Modus ponendo tollens

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Modus ponendo tollens (MPT;[1] Latin: "mode that denies by affirming")[2] is a valid rule of inference for propositional logic. It is closely related to modus ponens and modus tollendo ponens.


MPT is usually described as having the form:

  1. Not both A and B
  2. A
  3. Therefore, not B

For example:

  1. Ann and Bill cannot both win the race.
  2. Ann won the race.
  3. Therefore, Bill cannot have won the race.

As E. J. Lemmon describes it:"Modus ponendo tollens is the principle that, if the negation of a conjunction holds and also one of its conjuncts, then the negation of its other conjunct holds."[3]

In logic notation this can be represented as:

  1. [math]\displaystyle{ \neg (A \land B) }[/math]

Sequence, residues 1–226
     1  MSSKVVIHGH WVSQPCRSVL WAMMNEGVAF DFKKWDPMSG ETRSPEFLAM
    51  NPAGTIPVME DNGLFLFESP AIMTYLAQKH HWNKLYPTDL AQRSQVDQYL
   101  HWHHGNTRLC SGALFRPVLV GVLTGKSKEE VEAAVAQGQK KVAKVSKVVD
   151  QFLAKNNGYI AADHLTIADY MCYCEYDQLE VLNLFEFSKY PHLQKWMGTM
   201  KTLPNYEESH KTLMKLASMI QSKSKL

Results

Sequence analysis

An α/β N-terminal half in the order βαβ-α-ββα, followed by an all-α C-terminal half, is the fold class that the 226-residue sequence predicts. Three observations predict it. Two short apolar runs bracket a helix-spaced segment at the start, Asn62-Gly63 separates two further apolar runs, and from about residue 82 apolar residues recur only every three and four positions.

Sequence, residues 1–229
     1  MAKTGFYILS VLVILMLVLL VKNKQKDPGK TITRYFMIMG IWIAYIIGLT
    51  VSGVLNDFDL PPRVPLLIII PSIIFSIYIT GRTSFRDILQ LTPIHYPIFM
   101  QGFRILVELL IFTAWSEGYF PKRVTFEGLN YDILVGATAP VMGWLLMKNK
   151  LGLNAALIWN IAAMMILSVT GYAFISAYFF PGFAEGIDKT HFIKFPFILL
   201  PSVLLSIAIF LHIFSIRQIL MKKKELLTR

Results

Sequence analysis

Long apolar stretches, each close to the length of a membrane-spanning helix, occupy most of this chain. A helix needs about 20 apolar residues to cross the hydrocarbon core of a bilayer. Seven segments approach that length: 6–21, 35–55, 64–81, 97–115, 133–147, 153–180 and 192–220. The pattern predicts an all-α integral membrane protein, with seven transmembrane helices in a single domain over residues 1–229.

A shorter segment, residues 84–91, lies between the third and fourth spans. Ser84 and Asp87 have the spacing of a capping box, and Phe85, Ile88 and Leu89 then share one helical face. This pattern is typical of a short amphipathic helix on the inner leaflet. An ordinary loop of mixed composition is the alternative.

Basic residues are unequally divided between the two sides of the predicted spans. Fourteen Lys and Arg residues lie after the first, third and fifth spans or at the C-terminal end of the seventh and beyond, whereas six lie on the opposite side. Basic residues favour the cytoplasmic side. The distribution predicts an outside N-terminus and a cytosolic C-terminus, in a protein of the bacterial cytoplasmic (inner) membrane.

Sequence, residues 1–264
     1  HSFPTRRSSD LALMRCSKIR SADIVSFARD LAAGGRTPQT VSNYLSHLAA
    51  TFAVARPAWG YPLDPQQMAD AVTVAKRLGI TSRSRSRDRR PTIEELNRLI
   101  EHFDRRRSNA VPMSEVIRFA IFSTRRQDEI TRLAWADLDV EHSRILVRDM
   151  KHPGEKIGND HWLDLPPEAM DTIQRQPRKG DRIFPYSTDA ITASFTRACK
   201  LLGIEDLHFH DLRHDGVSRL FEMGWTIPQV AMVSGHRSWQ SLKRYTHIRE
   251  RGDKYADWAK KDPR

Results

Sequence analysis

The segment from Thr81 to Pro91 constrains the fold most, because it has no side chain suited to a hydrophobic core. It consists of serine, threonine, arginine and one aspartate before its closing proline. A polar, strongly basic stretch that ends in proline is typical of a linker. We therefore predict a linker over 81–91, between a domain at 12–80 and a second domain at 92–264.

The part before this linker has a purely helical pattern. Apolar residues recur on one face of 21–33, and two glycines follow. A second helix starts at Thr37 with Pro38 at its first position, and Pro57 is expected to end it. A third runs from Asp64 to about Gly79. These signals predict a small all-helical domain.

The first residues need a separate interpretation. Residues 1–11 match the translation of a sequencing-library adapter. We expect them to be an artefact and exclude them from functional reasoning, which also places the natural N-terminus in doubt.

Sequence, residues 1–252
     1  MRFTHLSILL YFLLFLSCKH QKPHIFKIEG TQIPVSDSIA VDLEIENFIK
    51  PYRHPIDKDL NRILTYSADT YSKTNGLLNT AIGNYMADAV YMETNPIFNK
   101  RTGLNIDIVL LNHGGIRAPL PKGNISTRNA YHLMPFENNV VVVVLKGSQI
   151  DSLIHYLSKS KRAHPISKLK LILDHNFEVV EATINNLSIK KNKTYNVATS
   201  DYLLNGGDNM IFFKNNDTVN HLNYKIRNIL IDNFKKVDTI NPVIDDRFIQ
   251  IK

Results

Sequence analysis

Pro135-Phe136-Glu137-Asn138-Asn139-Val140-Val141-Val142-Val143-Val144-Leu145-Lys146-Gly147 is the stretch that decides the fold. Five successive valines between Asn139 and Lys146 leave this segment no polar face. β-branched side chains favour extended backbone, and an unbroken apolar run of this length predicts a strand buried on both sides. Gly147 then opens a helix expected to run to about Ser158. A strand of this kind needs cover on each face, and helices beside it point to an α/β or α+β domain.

2. [math]\displaystyle{ A }[/math]
  3. [math]\displaystyle{ \therefore \neg B }[/math]

Based on the Sheffer Stroke (alternative denial), "|", the inference can also be formalized in this way:

  1. [math]\displaystyle{ A\,|\,B }[/math]
  2. [math]\displaystyle{ A }[/math]
  3. [math]\displaystyle{ \therefore \neg B }[/math]


Step Proposition Derivation
1 [math]\displaystyle{ \neg (A \land B) }[/math] Given
2 [math]\displaystyle{ A }[/math] Given
3 [math]\displaystyle{ \neg A \lor \neg B }[/math] De Morgan's laws (1)
4 [math]\displaystyle{ \neg \neg A }[/math] Double negation (2)
5 [math]\displaystyle{ \neg B }[/math] Disjunctive syllogism (3,4)

See also


  1. Politzer, Guy & Carles, Laure. 2001. 'Belief Revision and Uncertain Reasoning'. Thinking and Reasoning. 7:217–234.
  2. Stone, Jon R. (1996). Latin for the Illiterati: Exorcizing the Ghosts of a Dead Language. London: Routledge. p. 60. ISBN 0-415-91775-1. 
  3. Lemmon, Edward John. 2001. Beginning Logic. Taylor and Francis/CRC Press, p. 61.

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